Photos by Marcela Aguero
Bringing art out into the public, essentially, is a large part of what ArtCenter is. Artists do want to sell art. Interaction is great but an artist is like a shoemaker or a dentist in that art is what they do for a living. So for any gallery or residency to be of the utmost value they have to sell some of their pieces. This is where the passerby really comes into the equation. As someone rambling by ArtCenter; when should you buy a piece of?
“The most intrinsic value of art is your understanding of it and if that artist speaks to you it is worth the money to you.” says Arnette. “When you see a piece of work that you think is amazing and you say ‘I can afford that.’ It is worth it.”
Sometimes a single piece of art seems expensive. But you are not just paying for that painting, that canvas, that sculpture or photograph.
“There is a lot of money that goes into becoming an artist: school, supplies…no one pays you back for that. It’s not like Athena coming out of Zeus’ skull. The painting isn’t the first thing they (the artist) did,” says Arnette. “You are paying for all the cumulative experience that leads up to the piece you are purchasing. People think of creating as a single thing but it takes a long, long time.”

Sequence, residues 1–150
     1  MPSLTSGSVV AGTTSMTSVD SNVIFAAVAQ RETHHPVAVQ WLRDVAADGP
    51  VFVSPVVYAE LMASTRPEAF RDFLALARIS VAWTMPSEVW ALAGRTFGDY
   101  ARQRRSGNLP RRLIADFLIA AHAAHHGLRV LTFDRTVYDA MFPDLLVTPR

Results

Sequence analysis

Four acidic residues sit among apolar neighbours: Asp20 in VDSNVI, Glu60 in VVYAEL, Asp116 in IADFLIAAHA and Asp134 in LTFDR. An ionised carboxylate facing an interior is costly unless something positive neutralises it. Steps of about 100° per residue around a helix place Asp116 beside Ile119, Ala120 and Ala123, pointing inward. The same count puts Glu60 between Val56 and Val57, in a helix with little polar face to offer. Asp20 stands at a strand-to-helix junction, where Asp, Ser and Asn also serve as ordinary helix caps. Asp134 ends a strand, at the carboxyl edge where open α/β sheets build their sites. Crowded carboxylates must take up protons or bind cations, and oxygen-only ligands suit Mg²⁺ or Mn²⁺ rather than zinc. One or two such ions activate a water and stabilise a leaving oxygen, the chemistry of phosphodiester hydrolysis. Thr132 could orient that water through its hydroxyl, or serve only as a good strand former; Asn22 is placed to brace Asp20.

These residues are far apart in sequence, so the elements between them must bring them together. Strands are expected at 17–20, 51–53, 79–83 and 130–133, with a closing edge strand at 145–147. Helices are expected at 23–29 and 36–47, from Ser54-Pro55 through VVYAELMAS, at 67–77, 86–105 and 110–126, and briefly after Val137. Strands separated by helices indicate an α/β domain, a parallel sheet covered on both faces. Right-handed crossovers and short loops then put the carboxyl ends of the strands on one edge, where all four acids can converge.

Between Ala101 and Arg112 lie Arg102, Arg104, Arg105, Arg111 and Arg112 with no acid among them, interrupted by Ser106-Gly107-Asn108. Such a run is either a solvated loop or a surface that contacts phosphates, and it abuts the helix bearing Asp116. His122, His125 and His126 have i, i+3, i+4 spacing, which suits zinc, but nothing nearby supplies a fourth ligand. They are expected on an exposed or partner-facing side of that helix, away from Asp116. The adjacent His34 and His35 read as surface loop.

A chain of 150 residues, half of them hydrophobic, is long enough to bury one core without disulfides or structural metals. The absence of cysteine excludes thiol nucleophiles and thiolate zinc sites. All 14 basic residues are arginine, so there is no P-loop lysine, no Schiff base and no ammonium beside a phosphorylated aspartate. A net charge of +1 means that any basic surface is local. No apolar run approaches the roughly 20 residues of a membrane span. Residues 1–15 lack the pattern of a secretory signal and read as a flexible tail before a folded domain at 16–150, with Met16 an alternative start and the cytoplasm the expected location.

One trap artists and galleries fall into is becoming focused on a small group of people and organizations.
“Art dealers and sometimes artists say; ‘We have collectors. These are the people we want to talk to.’ We forget about communicating with the rest of society and that is what art is, communication,” says Arnette. “It is about more than selling to an elite core. It is about connecting with regular people and interacting with them.”
That is the reason for places like the ArtCenter, to foster such communication. Part of the give and take is in the feedback the artists get but it is also in the opportunity for the general public to own art that moves them.
I also spoke to, or was supposed to speak to, a number of other artists currently at ArtCenter. I regret I did not get the chance but you should look at these artists work right now: Jaime Gil, Anthony Ardavin, Hugo Moro, Susan Feliciano, Tony Chimento, Lissette Schaeffler, Kathy Kissik and Julie Lusson.
Alekxey Sabido not only responded for this article and spoke of how ArtCenter has been important to him. He send an image of a recent painting inspired by 200 years of Mexican Independence and 100 years of the Mexican Revolution. It is, as he noted, very different from his other work.